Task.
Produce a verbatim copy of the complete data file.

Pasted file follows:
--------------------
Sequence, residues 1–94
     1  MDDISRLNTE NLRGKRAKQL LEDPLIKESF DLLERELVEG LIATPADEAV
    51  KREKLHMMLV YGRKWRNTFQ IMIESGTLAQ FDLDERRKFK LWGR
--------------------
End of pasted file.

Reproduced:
Sequence, residues 1–94
     1  MDDISRLNTE NLRGKRAKQL LEDPLIKESF DLLERELVEG LIATPADEAV
    51  KREKLHMMLV YGRKWRNTFQ IMIESGTLAQ FDLDERRKFK LWGR